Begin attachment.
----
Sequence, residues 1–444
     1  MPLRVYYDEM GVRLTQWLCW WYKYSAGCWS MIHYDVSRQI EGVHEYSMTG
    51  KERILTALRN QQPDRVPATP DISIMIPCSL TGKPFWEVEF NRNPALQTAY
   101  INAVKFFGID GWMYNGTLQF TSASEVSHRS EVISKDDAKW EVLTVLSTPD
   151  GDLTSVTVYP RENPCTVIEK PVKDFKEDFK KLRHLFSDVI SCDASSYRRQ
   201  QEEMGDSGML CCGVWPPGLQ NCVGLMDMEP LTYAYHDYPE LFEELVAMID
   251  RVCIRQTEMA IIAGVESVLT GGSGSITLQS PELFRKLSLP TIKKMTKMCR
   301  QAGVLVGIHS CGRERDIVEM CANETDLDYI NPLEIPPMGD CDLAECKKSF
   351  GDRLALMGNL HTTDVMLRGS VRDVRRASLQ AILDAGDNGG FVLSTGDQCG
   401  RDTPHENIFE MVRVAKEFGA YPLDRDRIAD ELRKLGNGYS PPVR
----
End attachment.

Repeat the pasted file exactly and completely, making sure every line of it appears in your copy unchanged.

Sequence, residues 1–444
     1  MPLRVYYDEM GVRLTQWLCW WYKYSAGCWS MIHYDVSRQI EGVHEYSMTG
    51  KERILTALRN QQPDRVPATP DISIMIPCSL TGKPFWEVEF NRNPALQTAY
   101  INAVKFFGID GWMYNGTLQF TSASEVSHRS EVISKDDAKW EVLTVLSTPD
   151  GDLTSVTVYP RENPCTVIEK PVKDFKEDFK KLRHLFSDVI SCDASSYRRQ
   201  QEEMGDSGML CCGVWPPGLQ NCVGLMDMEP LTYAYHDYPE LFEELVAMID
   251  RVCIRQTEMA IIAGVESVLT GGSGSITLQS PELFRKLSLP TIKKMTKMCR
   301  QAGVLVGIHS CGRERDIVEM CANETDLDYI NPLEIPPMGD CDLAECKKSF
   351  GDRLALMGNL HTTDVMLRGS VRDVRRASLQ AILDAGDNGG FVLSTGDQCG
   401  RDTPHENIFE MVRVAKEFGA YPLDRDRIAD ELRKLGNGYS PPVR